December 2, 2012 at 10:02 am |
  2. live4grace

    As a Christian I applaud Kurek's work. Anything to undo the hatred, tear down the walls and empathize with others is of Christ. The reaction of the gay community is predictable; they will feel betrayed .. the guy lied. I don't know that he had to do that. I had gay roommates in college and knew the entire community through that. So "total immersion" – well, I guess I'd say if you don't lie about who you are that's ok.

    Parts of the church will react like the confused tribe the American evangelical church has turned into. Parts will start to love gay people. It's the best you can expect. Good job.

    December 2, 2012 at 7:46 am |
    • Bob

      "Gays should be quartered with their own kind."

      Prejudice people are so immature.

      December 2, 2012 at 1:51 pm |
    • Zatknis

      Incredible jowl. Just remmber, in fifty years we will be looking back at people like you the way we look back at racist KKK people of the sixties.

      December 2, 2012 at 2:54 pm |
    • Noah

      @Zatkis

      I look down on people like Jowl the same way we look down on the KKK right now, I don't need to wait 50 years to know people like him are trash.

      December 2, 2012 at 5:31 pm |
  3. JoeMa

    He's a liar thats it... pretend, lie, deceit. He pretend to be religious, He pretend to be gay, He pretend then lie and lie. He's totally different. He's a chronic liar.

    December 2, 2012 at 7:39 am |
    • Frank Tsudo

      I agree. He's going to "pretend" to be gay. He's gay.

      December 2, 2012 at 7:40 am |
    • Marc

      He's gay. He wasn't pretending. He was testing the water while leaving himself an "out" if he ever decided to go back to his closet evangelism.

      December 2, 2012 at 7:47 am |
    • shoos

      Agreed Frank. He didn't need to do this, he wanted to do this. He's gay.

      December 2, 2012 at 7:49 am |
    • Jim5k

      Guess it's easier to call him a liar if it doesn't fit your beliefs. Maybe he really is simply trying to walk a mile in someone else's shoes before judging them. But feel free to continue to judge and hate. It's what I expect from religion.

      December 2, 2012 at 7:59 am |
    • Andrew

      Wow, you guys have COMPLETELY missed the point of the entire story. I PRETENDED to be straight for 18 years...that doesn't make me straight...sheesh

      December 2, 2012 at 8:00 am |
    • Kevin

      I'm a straight guy, and I say, "Rock it, Andrew. Don't pretend anymore. The world is changing and the anti-gay dinosaurs will be extinct in a few years."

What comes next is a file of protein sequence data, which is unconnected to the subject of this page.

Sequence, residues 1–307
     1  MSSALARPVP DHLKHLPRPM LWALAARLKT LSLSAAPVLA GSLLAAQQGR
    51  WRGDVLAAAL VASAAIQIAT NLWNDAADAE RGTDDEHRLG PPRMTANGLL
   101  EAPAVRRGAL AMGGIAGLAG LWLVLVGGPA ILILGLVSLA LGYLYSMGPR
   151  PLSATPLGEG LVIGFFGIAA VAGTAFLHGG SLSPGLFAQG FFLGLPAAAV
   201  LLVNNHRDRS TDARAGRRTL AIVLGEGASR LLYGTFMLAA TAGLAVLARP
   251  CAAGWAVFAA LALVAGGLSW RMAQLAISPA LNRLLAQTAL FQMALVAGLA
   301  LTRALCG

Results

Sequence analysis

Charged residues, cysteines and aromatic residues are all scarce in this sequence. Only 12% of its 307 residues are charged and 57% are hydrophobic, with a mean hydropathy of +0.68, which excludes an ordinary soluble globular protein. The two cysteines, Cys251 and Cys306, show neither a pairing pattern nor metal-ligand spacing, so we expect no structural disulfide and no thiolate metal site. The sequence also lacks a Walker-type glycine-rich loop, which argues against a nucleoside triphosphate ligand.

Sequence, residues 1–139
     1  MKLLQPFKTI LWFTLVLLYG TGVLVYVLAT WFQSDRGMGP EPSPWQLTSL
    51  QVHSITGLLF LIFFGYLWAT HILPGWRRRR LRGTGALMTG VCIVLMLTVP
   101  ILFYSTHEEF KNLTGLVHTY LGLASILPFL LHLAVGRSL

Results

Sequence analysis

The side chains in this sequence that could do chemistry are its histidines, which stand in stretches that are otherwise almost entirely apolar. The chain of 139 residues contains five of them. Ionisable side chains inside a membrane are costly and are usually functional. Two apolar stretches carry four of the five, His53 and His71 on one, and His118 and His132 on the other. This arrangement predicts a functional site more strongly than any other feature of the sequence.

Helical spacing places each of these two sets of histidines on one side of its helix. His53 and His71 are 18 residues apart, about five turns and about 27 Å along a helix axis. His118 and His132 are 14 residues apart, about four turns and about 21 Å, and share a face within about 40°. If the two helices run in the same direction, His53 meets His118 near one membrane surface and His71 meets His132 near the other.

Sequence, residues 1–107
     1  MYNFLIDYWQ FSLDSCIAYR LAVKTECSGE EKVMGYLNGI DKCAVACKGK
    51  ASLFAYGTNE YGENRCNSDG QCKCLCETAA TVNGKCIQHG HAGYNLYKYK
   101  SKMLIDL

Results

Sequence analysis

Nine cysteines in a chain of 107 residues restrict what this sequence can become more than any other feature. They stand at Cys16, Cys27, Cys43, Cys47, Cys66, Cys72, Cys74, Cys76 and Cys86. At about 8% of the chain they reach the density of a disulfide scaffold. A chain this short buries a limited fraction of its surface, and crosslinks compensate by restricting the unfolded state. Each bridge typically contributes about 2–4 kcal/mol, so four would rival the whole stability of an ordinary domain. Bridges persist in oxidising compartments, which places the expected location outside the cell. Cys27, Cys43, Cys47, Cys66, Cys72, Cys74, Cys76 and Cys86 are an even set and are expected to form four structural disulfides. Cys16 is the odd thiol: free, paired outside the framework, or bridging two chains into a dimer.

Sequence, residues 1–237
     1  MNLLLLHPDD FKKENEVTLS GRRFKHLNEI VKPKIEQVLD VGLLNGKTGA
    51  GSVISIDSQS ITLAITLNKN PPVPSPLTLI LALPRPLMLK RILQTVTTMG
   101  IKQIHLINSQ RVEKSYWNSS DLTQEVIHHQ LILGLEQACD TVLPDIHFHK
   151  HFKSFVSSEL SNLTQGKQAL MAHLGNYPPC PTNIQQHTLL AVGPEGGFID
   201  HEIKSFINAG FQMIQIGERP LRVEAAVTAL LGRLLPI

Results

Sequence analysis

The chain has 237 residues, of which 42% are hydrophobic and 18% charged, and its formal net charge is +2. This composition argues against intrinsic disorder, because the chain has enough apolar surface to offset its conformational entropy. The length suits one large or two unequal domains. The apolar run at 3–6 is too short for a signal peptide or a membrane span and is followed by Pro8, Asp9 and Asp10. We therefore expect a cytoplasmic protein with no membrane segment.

December 2, 2012 at 9:14 am |
    • Stan

      Exactly. It looks like he "suffered' a lot during that year and didn't enjoy "a bit".

      December 2, 2012 at 6:06 pm |
    • pburnham93

      Joema, i think you have missed the point. He had to live in a lie... that was the entire point.. he was to live in the closet as a straight man. Every day there are gay people all around the world you live in the closet and in a life of lies because they do not fell accepted, they do not feel strong enough to come out to a society that most of the time condemns them for who they are.
      This man had to live in a lie because he need to understand. No he cannot and will not ever know what it is like to be gay but he now knows how dishonesty, like living in the closet, can truly hurt you and the people in your life.

      Read the book and you might think before you ASSume

      December 2, 2012 at 10:43 pm |
  4. USA

    WOW!

    December 2, 2012 at 7:37 am |
  5. From a Strong Christian

    My whole input on the gay thing is simple..
    Don't hate someone because they sin differently than you.

    December 2, 2012 at 7:36 am |
    • Ranger X

      Hogwash. The concept of sin is the most odious folly hoisted upon mankind. It's called being human. Accept it or face mental illness.

      December 2, 2012 at 8:33 am |
  6. Joseph Mitchell

    Is this guy serious? So you come out the closet and then a year later decide to go back in.

    December 2, 2012 at 7:34 am |
  7. AriLabo

    10 yrs from now this guy is going to come out as gay – – – – but no one will believe him.

    December 2, 2012 at 7:33 am |
    • shoos

      Agreed.

      December 2, 2012 at 7:40 am |
  8. Brian Monkman

    This reminds me very much of a book I read when I was young – Black Like Me. That book opened my eyes. Hopefully this book will accomplish the same thing. I have not (yet) read this book so I cannot make an informed comment on it. However, I applaud the reason behind it.

    December 2, 2012 at 7:33 am |
    • Informed Voter

      Yes, it's a very similar journalistic device that was used in Black Like Me: pretend to be part of the group you're investigating, and see it from the inside. I don't see how this is "lying"; it's done all the time.

      I'm interested in reading this book and seeing what events caused this sea change in Mr. Kurek's viewpoint. What a fascinating idea.

      December 2, 2012 at 7:57 am |